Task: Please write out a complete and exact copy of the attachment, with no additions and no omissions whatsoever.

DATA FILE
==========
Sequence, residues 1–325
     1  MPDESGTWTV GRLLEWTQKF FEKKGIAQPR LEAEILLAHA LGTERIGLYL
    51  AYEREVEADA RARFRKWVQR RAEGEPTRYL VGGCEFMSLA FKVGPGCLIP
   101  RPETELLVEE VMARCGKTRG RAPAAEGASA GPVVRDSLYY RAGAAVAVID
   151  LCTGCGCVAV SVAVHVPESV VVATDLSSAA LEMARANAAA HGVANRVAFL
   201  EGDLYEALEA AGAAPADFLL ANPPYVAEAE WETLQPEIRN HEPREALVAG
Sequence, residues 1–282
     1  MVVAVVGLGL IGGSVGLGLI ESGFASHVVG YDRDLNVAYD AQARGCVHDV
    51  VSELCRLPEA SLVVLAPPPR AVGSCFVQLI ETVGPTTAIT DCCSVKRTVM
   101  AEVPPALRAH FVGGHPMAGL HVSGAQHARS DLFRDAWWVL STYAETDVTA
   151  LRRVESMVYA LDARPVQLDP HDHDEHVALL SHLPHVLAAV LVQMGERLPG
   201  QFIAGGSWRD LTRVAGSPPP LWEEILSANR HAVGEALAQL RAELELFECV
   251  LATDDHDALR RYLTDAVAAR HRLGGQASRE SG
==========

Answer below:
Sequence, residues 1–325
     1  MPDESGTWTV GRLLEWTQKF FEKKGIAQPR LEAEILLAHA LGTERIGLYL
    51  AYEREVEADA RARFRKWVQR RAEGEPTRYL VGGCEFMSLA FKVGPGCLIP
   101  RPETELLVEE VMARCGKTRG RAPAAEGASA GPVVRDSLYY RAGAAVAVID
   151  LCTGCGCVAV SVAVHVPESV VVATDLSSAA LEMARANAAA HGVANRVAFL
   201  EGDLYEALEA AGAAPADFLL ANPPYVAEAE WETLQPEIRN HEPREALVAG
Sequence, residues 1–282
     1  MVVAVVGLGL IGGSVGLGLI ESGFASHVVG YDRDLNVAYD AQARGCVHDV
    51  VSELCRLPEA SLVVLAPPPR AVGSCFVQLI ETVGPTTAIT DCCSVKRTVM
   101  AEVPPALRAH FVGGHPMAGL HVSGAQHARS DLFRDAWWVL STYAETDVTA
   151  LRRVESMVYA LDARPVQLDP HDHDEHVALL SHLPHVLAAV LVQMGERLPG
   201  QFIAGGSWRD LTRVAGSPPP LWEEILSANR HAVGEALAQL RAELELFECV
   251  LATDDHDALR RYLTDAVAAR HRLGGQASRE SG